Philip Larkin: Ticket to rhyme

The statue of Philip Larkin on the concourse at Hull Paragon Interchange.
The statue of Philip Larkin on the concourse at Hull Paragon Interchange.
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50 YEARS ON: A train journey which inspired one of Philip Larkin’s most famous poems is to be recreated next week. Yvette Huddleston meets the team behind the project.

The train journey from Hull to King’s Cross in London might not immediately present itself as particularly poetic, but 50 years ago it inspired one of Philip Larkin’s best-known works. The poet’s seminal collection The Whitsun Weddings, first published in 1964, was a huge critical and commercial success and its title poem, described by the Times Educational Supplement as “one of the best poems of our time”, is to be recreated next week in a unique theatrical event.

Philip Larkin in the 1950s

Philip Larkin in the 1950s

In it Larkin describes his train ride, one balmy Saturday in June, through the East Yorkshire and Lincolnshire countryside steaming towards the capital “all windows down, all cushions hot”. At the time Whitsun was a popular choice for a wedding date and Larkin gradually becomes aware of the party atmosphere both on board and on the platforms as brides and grooms wave goodbye to friends and family to clamber onto the train, heading for their London honeymoon. “At first I didn’t notice what a noise/The weddings made/Each station we stopped at… All down the line/Fresh couples climbed aboard: the rest stood round;/The last confetti and advice were thrown…”

Hull-based theatre company Ensemble 52 will be staging a dramatic interpretation of the narrative of the poem on the 12.30pm Hull to King’s Cross train next Friday – two days before Whitsun. Directed by Andy Pearson, the piece has been scripted by playwright Dave Windass, a writer and director with the company which has strong links with both the Larkin Society and Larkin 25, a group dedicated to commemorating the poet’s life and work.

“Andy won a prize from the Larkin Society and was invited to submit ideas for a show,” says Windass, explaining the background to the project. “It was his idea that we should celebrate The Whitsun Weddings poem and it’s an interesting project in terms of process. The production is a combination of scripted performance, improvisation and devised pieces.”

Two wedding couples will be boarding the train at Hull station with a wedding party seeing them off on the platform and, hopefully, a band playing Larkin’s beloved jazz. At several stations along the way, more newlyweds will join the train waved off by relatives all dressed in the fashions of the day. “The couples will remain in character throughout the journey,” says Windass. “We are trying to look at marriage as an institution from the 1960s to the present day and each couple will represent a different aspect of marriage.”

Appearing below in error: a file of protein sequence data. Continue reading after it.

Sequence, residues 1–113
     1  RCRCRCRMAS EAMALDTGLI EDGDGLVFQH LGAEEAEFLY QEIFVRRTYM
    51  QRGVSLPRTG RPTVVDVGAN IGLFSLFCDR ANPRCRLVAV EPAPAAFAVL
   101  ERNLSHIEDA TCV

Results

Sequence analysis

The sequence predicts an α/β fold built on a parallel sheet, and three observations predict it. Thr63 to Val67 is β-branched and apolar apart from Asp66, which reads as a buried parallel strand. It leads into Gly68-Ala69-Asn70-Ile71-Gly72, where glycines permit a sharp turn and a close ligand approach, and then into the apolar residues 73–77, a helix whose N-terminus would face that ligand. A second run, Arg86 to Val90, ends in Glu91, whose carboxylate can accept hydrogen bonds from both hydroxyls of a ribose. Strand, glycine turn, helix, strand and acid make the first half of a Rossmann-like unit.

There are seven couples in all plus an actor playing Larkin and dozens of people populating the station platforms – actors from two amateur companies, Brough’s Petuaria Players and Doncaster Little Theatre – so logistically it is challenging and rehearsals have been interesting.

“One of the things we have had to consider is how a performance works on a train because it’s not the quietest place to stage drama,” says Windass. “In the rehearsal room we have got the dimensions of the carriage mapped out on the floor and we have photographs of it so all the actors know what’s in store. What we can’t anticipate is what it’s going to be like when the carriage is full of people – they might want to stand up and move about and we have to factor all that in – but we have got together a brilliant bunch of actors.”

Punctuating the action throughout the two and half hour journey there will be music featuring Larkin’s favourite jazz tunes as well as some very special recordings of a number of the other poems in the Whitsun Weddings collection, read by actor Bill Nighy. It is quite a coup to have got a Hollywood star and household name involved in the project.

“We made a list of actors who had the kind of voice who could give it the required gravitas and Bill Nighy came out on top,” says Windass. “What we didn’t know was that he is a big Larkin fan, so when we made a tentative enquiry as whether he fancied doing this he responded immediately and said he would be really happy to do it.” The on-board performance will be the only opportunity to hear the recordings as they will not be commercially available at a later date.

Windass admits to being slightly nervous – although very excited. “Unlike with other productions when you are working in a conventional theatre space, there are no technical rehearsals or previews – we have got this one shot on the train on the day,” he says. “For all the performers what is special is that it’s a one-off for everybody. Live performance is always a really amazing thing to be involved in but it’s great to be part of something that is so unique. We are making something that will hopefully be memorable for people and stay in their minds for years to come.”

The following day a plaque commemorating Larkin will be unveiled at King’s Cross station by Virginia Bottomley, the High Sheriff of Hull. Carved by Martin Jennings, the sculptor who created the statue of John Betjeman at St Pancras station, the plaque will display the final lines of The Whitsun Weddings, which closes with characteristic Larkin melancholy: “A sense of falling, like an arrow-shower/Sent out of sight, somewhere becoming rain.”

• The Whitsun Weddings on board the 12.30pm Hull to King’s Cross service, Friday, June 6. Tickets £65, £60 and £55 (includes travel to King’s Cross) from and